32765471911 Encyclopædia Britannica, Volume 17 — MaqrīzīGriffithes Wheeler Thatcher

MAQRĪZĪ, or Makrizi [Taqī ud-Dīn Aḥmad ibn ‛Alī] (1364–1442), Arabian historian, known as al-Maqrīzī because of his ancestral connexion with Maqrīz, a suburb of Baalbek, was born at Cairo and spent most of his life in Egypt, where he was trained in the Hanifite school of law, though later he became a Shāfi‘ite with an inclination to Zāhirite views. In 1385 he made the pilgrimage. For some time he was secretary in a government office, and in 1399 became inspector of markets for Cairo and northern Egypt. This post he soon gave up to become preacher at the mosque of ‛Amr, president of the mosque ul-Hākim, and a lecturer on tradition. In 1408 he went to Damascus to become inspector of the Qalānisīyya and lecturer. Later he retired into private life at Cairo. In 1430 he made the pilgrimage with his family and travelled for some five years. His learning was great, his observation accurate and his judgment good, but his books are largely compilations, and he does not always acknowledge the sources to which he is indebted. Most of his works are concerned with Egypt. The most important is the Mawā‘iz wal-I’tibār fī dhikr ul-Ḥitaṭ wal-Āihār (2 vols., Bulāq, 1854), translated into French by U. Bouriant as Description topographique et historique de l’Égypte (Paris, 1895–1900; cf. A. R. Guest, “A List of Writers, Books and other Authorities mentioned by El Maqrīzī in his Khiṭat,” in Journal of the Royal Asiatic Society, 1902, pp. 103–125). Of his History of the Fatimites an extract was published by J. G. L. Kosegarten in his Chrestomathia (Leipzig, 1828), pp. 115–123; the History of the Ayyūbit and Mameluke Rulers has been translated into French by E. Quatremère (2 vols., Paris, 1837–1845). Maqrīzī began a large work called the Muqaffā, a cyclopaedia of Egyptian biography in alphabetic order. It was intended to be in 80 volumes, but only 16 were written. Three autograph volumes exist in MS. in Leiden, and one in Paris.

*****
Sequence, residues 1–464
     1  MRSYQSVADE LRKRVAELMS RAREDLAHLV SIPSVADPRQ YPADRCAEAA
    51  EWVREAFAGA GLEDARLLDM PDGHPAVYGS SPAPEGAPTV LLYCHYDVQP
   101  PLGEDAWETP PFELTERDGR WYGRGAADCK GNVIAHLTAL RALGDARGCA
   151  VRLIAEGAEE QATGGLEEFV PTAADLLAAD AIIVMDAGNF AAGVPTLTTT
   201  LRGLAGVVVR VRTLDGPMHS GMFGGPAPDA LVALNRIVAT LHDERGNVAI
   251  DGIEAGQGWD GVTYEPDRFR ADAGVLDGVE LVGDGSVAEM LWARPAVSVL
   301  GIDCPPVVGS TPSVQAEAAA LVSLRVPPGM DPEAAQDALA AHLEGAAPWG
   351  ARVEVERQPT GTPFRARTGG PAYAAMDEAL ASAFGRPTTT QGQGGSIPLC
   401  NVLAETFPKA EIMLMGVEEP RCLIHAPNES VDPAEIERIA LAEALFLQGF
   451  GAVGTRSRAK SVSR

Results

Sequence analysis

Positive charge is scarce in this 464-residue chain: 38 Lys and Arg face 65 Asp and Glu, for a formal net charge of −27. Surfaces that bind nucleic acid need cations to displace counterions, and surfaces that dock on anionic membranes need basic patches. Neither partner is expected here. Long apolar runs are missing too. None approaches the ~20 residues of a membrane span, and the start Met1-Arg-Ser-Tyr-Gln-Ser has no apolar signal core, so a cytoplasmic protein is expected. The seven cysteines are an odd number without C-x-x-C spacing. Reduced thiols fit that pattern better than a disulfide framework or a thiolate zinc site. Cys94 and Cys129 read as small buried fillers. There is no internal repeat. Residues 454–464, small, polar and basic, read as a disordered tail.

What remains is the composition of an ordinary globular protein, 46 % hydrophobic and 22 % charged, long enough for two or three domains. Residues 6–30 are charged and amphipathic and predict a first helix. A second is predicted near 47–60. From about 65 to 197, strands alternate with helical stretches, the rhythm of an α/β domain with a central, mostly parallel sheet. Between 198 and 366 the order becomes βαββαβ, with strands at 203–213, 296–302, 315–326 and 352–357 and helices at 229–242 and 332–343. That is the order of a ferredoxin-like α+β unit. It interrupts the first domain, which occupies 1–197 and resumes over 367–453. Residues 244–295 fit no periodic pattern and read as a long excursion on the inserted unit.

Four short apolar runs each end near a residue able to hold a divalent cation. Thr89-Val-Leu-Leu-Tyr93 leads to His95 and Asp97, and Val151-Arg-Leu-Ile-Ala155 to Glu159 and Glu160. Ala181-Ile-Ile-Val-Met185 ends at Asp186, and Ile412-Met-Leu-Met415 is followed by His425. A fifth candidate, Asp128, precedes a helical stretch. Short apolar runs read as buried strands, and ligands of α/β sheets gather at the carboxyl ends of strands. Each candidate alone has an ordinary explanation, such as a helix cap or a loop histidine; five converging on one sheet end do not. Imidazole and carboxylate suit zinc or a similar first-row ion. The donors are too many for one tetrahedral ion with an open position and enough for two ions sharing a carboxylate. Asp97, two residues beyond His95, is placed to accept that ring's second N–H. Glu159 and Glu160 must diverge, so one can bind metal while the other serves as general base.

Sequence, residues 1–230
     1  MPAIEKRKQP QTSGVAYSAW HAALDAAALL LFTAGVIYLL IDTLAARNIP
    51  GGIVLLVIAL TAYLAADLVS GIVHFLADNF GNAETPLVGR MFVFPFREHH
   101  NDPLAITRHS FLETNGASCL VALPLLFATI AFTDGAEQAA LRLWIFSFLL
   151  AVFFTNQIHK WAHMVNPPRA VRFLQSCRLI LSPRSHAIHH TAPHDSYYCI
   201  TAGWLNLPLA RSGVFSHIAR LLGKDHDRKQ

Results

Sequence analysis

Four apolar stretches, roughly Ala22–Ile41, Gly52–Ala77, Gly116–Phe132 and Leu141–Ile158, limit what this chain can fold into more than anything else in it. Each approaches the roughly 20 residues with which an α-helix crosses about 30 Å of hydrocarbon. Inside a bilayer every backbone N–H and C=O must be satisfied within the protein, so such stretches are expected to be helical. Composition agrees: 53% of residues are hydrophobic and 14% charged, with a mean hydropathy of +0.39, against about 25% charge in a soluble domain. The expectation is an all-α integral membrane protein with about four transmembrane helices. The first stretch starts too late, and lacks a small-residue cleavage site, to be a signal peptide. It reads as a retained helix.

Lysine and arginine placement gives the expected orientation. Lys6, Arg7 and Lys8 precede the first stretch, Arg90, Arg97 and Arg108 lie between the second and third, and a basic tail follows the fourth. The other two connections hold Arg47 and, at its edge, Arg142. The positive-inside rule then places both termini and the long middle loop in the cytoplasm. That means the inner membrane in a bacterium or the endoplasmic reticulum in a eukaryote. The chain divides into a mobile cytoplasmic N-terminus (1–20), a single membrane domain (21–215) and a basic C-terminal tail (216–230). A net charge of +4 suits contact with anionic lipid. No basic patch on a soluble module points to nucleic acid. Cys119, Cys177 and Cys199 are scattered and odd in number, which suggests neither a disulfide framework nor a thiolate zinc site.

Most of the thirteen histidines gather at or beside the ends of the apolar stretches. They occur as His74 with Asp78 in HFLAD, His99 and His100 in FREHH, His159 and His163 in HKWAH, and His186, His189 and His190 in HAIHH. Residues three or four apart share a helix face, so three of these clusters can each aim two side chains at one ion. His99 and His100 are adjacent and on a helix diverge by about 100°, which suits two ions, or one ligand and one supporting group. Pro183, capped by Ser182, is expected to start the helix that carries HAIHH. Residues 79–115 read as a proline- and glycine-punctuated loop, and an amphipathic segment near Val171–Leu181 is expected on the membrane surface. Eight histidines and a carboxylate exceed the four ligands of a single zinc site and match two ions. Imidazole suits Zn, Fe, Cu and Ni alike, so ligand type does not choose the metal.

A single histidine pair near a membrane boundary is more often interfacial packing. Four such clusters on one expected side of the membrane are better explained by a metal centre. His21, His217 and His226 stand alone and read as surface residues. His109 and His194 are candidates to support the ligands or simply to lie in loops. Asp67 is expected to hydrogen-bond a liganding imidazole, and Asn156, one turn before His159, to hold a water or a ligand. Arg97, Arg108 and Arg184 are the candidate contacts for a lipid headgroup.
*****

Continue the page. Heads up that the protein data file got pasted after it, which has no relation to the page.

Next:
Among smaller works published are the Mahommedan Coinage (ed. O. G. Tychsen, Rostock, 1797; French translation by S. de Sacy, Paris, 1797); Arab Weights and Measures (ed. Tychsen, Rostock, 1800); the Arabian Tribes that migrated to Egypt (ed. F. Wüstenfeld, Göttingen, 1847); the Account of Hadhramaut (ed. P. B. Noskowyj, Bonn, 1866); the Strife between the Banī Umayya and the Banī Hāshim (ed G. Vos, Leiden, 1888), and the Moslems in Abyssinia (ed. F. T. Rink, Leiden, 1790). For Maqrīzī’s life see the quotations from contemporary biographies in S. de Sacy’s Chrestomathie arabe (2nd ed., Paris, 1826), ii. 112 seq., and for other works still in MS. C. Brockelmann, Gesch. der arabischen Litteratur (Berlin, 1902), ii. 38-41. (G. W. T.)